This course forms the digital half of a two-semester sequence that provides a lab-intensive survey of electronics (the analog half of the sequence is PHYS E-123a). It covers digital design, emphasizing microprocessors and microcontrollers as well as programmable logic devices, and provides an understanding of the fundamentals of computer circuitry. After examining analog-digital interfacing issues, students program and attach peripherals to a microcontroller. We offer the design in either of two forms: a single-chip standalone controller, programmed using a laptop PC; or a microcomputer built up from a collection of a half dozen ICs. They apply either computer/controller first to assigned tasks, later to individual projects. The student's microcomputer is based on an 8051-derivative microcontroller, chosen because it is the most widely-sourced of controllers. Each meeting includes a laboratory session. (4 credits)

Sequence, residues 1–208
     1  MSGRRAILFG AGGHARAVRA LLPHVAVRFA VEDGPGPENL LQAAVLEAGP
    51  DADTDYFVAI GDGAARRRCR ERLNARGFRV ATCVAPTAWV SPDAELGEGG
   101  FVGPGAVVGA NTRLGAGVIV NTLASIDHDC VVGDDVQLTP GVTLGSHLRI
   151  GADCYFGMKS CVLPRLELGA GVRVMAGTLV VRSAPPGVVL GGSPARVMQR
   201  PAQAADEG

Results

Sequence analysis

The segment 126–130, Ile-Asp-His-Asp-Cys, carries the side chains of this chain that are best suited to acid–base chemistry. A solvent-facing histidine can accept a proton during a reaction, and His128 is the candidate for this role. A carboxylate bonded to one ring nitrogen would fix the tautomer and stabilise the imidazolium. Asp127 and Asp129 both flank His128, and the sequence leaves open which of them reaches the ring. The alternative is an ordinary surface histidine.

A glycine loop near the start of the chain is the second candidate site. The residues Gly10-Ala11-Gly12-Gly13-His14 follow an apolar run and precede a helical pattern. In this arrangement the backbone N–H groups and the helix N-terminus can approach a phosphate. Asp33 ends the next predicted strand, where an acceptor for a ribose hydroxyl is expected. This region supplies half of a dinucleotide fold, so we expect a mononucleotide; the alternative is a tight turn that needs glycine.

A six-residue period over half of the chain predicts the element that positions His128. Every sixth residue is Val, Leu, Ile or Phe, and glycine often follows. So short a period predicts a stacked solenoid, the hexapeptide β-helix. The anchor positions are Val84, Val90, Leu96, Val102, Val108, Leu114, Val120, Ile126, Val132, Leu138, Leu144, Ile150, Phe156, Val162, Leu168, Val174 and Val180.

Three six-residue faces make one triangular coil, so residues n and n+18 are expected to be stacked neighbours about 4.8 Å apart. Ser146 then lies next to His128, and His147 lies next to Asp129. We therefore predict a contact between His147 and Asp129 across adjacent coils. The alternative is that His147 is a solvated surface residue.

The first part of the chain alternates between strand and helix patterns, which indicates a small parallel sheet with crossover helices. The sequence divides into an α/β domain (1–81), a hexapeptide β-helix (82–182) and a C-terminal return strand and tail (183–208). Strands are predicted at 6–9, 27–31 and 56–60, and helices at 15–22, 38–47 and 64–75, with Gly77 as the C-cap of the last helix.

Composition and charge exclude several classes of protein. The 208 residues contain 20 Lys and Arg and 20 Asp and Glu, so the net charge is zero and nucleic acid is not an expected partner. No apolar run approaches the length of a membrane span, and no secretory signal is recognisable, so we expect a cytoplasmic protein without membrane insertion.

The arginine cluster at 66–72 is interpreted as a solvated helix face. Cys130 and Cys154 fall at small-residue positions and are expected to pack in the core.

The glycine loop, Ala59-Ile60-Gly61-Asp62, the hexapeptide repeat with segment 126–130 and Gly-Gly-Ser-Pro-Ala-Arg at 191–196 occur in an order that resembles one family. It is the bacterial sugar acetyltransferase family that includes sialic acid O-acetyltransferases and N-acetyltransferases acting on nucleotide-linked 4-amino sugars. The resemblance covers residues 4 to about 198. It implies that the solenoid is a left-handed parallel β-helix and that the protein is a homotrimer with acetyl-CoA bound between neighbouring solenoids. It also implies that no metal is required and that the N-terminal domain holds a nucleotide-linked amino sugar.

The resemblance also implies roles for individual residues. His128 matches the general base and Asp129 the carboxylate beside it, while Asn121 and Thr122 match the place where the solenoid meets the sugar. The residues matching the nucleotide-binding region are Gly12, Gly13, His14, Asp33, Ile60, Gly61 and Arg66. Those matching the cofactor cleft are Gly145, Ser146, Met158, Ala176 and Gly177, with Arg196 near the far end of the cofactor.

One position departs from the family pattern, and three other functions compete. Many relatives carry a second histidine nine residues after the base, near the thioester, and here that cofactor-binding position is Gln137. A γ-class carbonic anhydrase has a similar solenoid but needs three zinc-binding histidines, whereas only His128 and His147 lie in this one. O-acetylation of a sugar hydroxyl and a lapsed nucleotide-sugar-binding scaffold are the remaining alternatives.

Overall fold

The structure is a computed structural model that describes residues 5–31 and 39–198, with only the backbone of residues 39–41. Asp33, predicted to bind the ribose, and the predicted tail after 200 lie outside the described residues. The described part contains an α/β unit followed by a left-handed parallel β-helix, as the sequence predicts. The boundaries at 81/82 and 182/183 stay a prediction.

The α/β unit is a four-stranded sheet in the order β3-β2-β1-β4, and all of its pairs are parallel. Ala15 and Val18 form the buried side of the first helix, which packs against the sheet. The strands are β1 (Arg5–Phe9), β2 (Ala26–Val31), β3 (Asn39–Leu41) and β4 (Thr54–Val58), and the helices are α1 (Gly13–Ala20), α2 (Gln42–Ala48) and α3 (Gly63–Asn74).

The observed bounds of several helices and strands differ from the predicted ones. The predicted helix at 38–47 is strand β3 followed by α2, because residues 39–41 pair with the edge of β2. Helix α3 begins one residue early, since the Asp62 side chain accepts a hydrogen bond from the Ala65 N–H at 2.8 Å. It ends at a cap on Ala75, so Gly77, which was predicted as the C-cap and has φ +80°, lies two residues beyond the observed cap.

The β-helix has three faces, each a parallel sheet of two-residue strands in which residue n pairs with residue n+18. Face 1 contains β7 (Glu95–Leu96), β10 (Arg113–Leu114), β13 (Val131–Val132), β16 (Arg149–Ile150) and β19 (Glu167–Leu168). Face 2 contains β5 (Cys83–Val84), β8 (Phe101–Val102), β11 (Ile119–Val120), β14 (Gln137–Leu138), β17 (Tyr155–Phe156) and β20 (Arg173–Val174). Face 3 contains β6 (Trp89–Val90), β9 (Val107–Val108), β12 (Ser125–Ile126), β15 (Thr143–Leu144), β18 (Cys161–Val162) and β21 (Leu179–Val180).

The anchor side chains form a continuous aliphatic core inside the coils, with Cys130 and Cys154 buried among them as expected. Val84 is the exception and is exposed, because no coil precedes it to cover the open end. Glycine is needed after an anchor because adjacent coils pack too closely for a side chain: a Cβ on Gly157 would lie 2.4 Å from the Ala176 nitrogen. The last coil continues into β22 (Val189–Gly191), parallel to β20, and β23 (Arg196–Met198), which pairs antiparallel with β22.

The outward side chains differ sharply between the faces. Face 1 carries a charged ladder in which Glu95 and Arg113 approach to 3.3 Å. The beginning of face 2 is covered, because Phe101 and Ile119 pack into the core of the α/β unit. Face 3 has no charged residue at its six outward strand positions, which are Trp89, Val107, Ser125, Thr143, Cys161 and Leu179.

high school algebra and some familiarity with analog electronics.
Thomas C. Hayes, JD. Lecturer on Physics, Harvard University.
Thursdays beginning Jan. 29, 6-9:30 pm. Optional sections to be arranged.
Course tuition: noncredit $2,200, undergraduate credit $2,200, graduate credit $2,200.
Limited enrollment.